Should you hire a coach or take an online training plan?

If you want to go for a marathon you can either choose your own path and try to work towards the distance. I don’t recommend this. There is a lot of science behind marathon training. There is a lot of knowledge about the right way of training for a marathon. You are increasing the chance of making it to the starting line if you make use of that knowledge.

There are two options:

  • Hiring a coach, either online or local
  • Using an online training plan that you follow

The first option is the most expensive, but also the most tailored to your needs. With a coach you are able to discuss the plan, the fact that you perhaps have a full-time job and children to take care of. etc. etc. You can get advice along the way if you feel an injury coming up. And a coach will be there to support you (much like a psychologist).

When I ran my first marathon, however, I did not have a coach. Instead I used an online training platform. I bought a training plan and tried to follow up as much as possible. I had to come up with my own strategies if I ran into problems. For me it worked out fine (but i’m not prone to injury, there was little risk for me).

At this point, as I want to take my running to the next level (sub 2.30 in the future?!?!), I decided to go with a coach. She’s amazing and it is real nice that there is someone to ask: why should I do this workout? What is it for? What to do next? Should I run this or this race? I feel this, is that normal? I’ve lost two toe nails in the past week, am I ok (yes, I am completely ok, since then I’ve lost many more. My vaporfly’s are dark red/blackish due to all the blood from racing).

But, money is a thing. And with everything I wrote in this post you should be able to pick the right online training plan and manage without too much worries.

Where can I find online training plans?

Finally, a question with an easy answer. When my dad and uncle’s were marathoners in the seventies and eighties (it was still a bit of a sport for goofs back then), they had these books and had to jot down everything on paper, and had stopwatches for their tempo workouts.

Oh: his generation had to count their heart rate! My dad told me that he would check his pulse for six seconds, count the beats and calculate that to an hour to know his heart rate… I just look at my watch. What a world of difference!

The days of books are not yet over (books are nice to read). But training plans nowadays are just loaded into your sports watch and you just execute them.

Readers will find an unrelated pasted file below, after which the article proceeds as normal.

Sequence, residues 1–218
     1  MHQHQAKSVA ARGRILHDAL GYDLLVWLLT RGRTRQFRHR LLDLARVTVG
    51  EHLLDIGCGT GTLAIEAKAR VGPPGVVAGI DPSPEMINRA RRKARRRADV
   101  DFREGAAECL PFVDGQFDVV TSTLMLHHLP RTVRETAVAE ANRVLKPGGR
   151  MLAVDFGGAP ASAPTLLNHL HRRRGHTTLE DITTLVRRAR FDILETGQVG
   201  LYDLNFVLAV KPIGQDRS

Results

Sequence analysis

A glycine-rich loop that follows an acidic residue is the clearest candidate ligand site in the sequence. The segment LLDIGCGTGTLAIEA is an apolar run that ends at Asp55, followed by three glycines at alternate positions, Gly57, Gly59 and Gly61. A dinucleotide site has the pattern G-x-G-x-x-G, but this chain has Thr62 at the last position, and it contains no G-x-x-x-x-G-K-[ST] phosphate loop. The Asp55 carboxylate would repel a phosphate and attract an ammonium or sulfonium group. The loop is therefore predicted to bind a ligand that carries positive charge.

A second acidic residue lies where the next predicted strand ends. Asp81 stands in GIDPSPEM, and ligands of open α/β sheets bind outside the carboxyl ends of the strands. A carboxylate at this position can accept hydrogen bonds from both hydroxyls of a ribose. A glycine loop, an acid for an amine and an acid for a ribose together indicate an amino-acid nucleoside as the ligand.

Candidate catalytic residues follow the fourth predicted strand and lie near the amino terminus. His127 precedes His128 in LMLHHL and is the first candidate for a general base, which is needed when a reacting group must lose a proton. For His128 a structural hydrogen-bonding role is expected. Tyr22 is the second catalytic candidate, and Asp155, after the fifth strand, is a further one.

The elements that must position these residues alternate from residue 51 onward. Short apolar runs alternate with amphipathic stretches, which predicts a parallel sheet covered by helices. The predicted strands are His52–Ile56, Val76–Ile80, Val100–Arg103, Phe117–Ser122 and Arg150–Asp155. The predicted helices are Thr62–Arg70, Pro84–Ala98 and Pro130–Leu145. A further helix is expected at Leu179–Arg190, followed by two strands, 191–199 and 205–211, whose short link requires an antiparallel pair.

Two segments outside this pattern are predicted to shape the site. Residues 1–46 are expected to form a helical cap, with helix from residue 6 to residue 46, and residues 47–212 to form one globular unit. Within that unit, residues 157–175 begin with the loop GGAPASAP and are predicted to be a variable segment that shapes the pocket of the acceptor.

There are two great platforms out there you can use:

  • trainingpeaks
  • Final surge

Training peaks

This is the biggest training platform out there. It has a ton of data, and there is lots of training plans you can buy for this platform. I dare to say that all known coaches have there plans ready for this platform. You can find 16 week plans, 24 week plans, 10 day cycles. Anything. And other sports too! There are pace based plans, heart rate based plans, power based plans. You name it.

Trainingpeaks can be free, but you have some limited options. There is also a pro version, that is going to cost you a little more.

I use Trainingpeaks myself.

Here’s a link to training plans available on Trainingpeaks

Some great training plans available on Trainingpeaks:

  • 80/20 endurance
  • McMillan Running (I used one of McMillan for my first marathon. I loved it)
  • Jeff Galloway (run/walk)
  • Hal Higdon

Most plans cost you about $50, they got you covered from start to finish. Often it includes some videos on strength training too.

Once you have made your decision, based on everything I wrote above, you can just pick a plan that suits your needs most. With the above coaches you are sure to pick a professionally designed training plan.


I don’t have too much experience with this platform myself. What’s great though, is that it is completely free for athletes. Most (maybe all) training plans by coaches listed above are also available on Finalsurge. I think Greg McMillan is even actively advertising it on his website. He’s clearly an advocate of Finalsurge.

Here’s a link to Finalsurge training plans

Both platforms work fine. Trainingpeaks offers some more running data but you can definitely do without, if you are not planning to invest.

That’s it for now. This post is continuously being modified and updated as my insights and knowledge grows.

Feel free to leave a comment with suggestions or questions that I can answer in this guide.

Leave a Reply

Your email address will not be published. Required fields are marked *